Coronavirus fuels historic legal battle over voting as 2020 U.S. election looms

By Joseph Ax

(Reuters) – The Nov. 3 contest between President Donald Trump and Democratic challenger Joe Biden has generated an unprecedented wave of election-related litigation, as both sides seek to shape the rules governing how votes are tallied in key states.

With 40 days left, the court clashes have spread to every competitive state amid the coronavirus pandemic, which has fueled pitched battles over seemingly mundane issues such as witness signatures, U.S. mail postmarks and the use of drop boxes for ballots.

Trump’s unfounded attacks on voting by mail and delivery delays amid cost-cutting measures at the U.S. Postal Service have only intensified the urgency of the litigation.

A Reuters analysis of state and federal court records found more than 200 election-related cases pending as of Tuesday. Overall, at least 250 election lawsuits spurred by the coronavirus have been filed, according to Justin Levitt, a Loyola Law School professor who has been tracking the litigation.

The pandemic has turned what were once minor hurdles, such as witness signature requirements, into potentially major obstacles, while exacerbating existing concerns.

“In the past, long lines would be disenfranchising or deterring, but in this case they can be deadly,” said Myrna Perez, who directs the voting rights and elections program at New York University’s Brennan Center for Justice.

Democrats generally have sought to ease restrictions on mail ballots, which are surging as voters want to avoid the risk of visiting in-person polling sites.

“The Biden campaign has assembled the biggest voter protection program in history to ensure our election runs smoothly and to combat any attempt by Donald Trump to interfere in the democratic process,” Mike Gwin, a Biden spokesman, said.

Republicans say they are trying to prevent illegal voting, although experts say voter fraud is exceedingly rare.

“Democrats are working to shred election integrity measures one state at a time, and there’s no question they’ll continue their shenanigans from now to November and beyond,” said Matthew Morgan, general counsel for the Trump campaign.

A flurry of court decisions this month have delivered several Democratic wins, although many remain subject to appeal. In the key states of Michigan, Pennsylvania, Wisconsin and North Carolina, officials will count ballots that arrive after Nov. 3, as long as they were sent by Election Day.

Several pending cases, including in competitive Texas, Pennsylvania and Michigan, could have a major impact on those states’ elections.

In Pennsylvania, for instance, Republicans will ask the U.S. Supreme Court to step in after the state’s highest court rejected their bid to limit drop boxes and disqualify late-arriving ballots. The Trump campaign is pursuing a separate federal lawsuit over some of the same issues.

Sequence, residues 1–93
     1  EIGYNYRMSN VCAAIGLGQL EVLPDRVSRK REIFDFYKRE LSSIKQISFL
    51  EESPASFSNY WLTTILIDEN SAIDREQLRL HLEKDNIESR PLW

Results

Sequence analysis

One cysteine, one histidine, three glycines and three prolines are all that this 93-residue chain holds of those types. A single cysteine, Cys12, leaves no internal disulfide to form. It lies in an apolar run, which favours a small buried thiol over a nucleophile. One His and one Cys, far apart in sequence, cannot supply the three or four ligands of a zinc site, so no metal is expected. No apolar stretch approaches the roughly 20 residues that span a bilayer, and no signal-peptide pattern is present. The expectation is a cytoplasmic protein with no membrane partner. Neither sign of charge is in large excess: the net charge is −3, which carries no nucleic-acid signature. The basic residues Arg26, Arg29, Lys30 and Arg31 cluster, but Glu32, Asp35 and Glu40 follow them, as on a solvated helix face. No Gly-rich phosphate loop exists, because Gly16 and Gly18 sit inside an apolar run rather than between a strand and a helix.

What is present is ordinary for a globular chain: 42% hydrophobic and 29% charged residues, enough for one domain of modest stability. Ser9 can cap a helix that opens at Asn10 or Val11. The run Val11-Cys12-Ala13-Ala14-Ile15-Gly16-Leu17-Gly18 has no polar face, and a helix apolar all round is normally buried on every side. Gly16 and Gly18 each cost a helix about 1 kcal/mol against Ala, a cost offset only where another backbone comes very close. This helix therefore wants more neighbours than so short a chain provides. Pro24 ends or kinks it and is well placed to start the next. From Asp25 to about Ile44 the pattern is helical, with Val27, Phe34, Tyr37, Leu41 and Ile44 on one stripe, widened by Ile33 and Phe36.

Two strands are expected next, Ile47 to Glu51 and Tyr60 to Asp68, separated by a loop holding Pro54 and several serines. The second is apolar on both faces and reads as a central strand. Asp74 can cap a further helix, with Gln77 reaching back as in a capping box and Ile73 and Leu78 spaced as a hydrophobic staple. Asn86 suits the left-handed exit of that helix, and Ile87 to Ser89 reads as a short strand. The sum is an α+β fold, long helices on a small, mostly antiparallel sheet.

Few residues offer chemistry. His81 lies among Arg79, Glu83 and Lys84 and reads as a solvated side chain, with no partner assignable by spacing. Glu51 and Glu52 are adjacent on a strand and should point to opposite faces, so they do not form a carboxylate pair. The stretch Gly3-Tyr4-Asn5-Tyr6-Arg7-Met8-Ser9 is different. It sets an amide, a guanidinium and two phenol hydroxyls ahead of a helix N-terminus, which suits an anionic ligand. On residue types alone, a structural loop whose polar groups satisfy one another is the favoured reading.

In Texas, state Attorney General Ken Paxton, a Republican, has sued officials in Harris County to stop them from sending absentee ballot applications to all voters. The county, which includes Houston, is the state’s most populous, with nearly 5 million residents.

Republicans prevailed in several earlier cases.

In Florida, a federal appeals court blocked hundreds of thousands of ex-felons from voting in November. In Texas, where only those 65 years and older can vote by mail without having to provide a valid reason such as disability, a series of court rulings have stymied Democratic efforts to extend that right to all residents.

SUPREME COURT BATTLE TO COME?

The influx of cases may also be a preview of what is to come after Nov. 3, when new fights could arise over which ballots should be counted.

Both campaigns have assembled armies of lawyers in preparation.

The Biden campaign has lined up hundreds of attorneys and has brought in top lawyers like former U.S. Solicitors General Donald Verrilli and Walter Dellinger and former Attorney General Eric Holder as advisers.

Marc Elias, the Democratic attorney who has coordinated many election lawsuits this year on behalf of left-leaning groups, is heading a team focused on state-by-state voter protection.

Trump’s campaign, for its part, has filed multiple challenges to states like Nevada and New Jersey that plan to mail a ballot to every voter.

Some Democrats are concerned that if Republicans succeed in getting a successor to the late liberal Justice Ruth Bader Ginsburg on the Supreme Court before the election, it will ensure Trump wins any dispute that ends up at the high court.

The Supreme Court’s decision in 2000 to stop the Florida recount handed the presidency to Republican George W. Bush, the only time the high court has decided the outcome of a U.S. presidential election.

Trump has seemingly laid the groundwork for a post-election fight, repeatedly asserting without evidence that voting by mail will yield a “rigged” result.

On Wednesday, the president said explicitly that he wanted to have Ginsburg’s successor in place because he expects the election to end up at the Supreme Court.

Levitt, the law professor tracking the cases, said he still trusted that judges would reject challenges not backed by evidence.

“Filing a case costs a few hundred dollars and a lawyer, and can often be useful for messaging,” he said. “But courts of law demand evidence that the court of public opinion doesn’t.”

(Reporting by Joseph Ax; Additional reporting by Jan Wolfe and Disha Raychaudhuri; Editing by Noeleen Walder and Peter Cooney)

Billionaire Bloomberg raises millions to help restore Florida felon voting rights

By Trevor Hunnicutt

(Reuters) – Billionaire Michael Bloomberg has raised over $16 million to help former felons restore their voting rights in the critical battleground state of Florida, a person familiar with the matter said on Tuesday.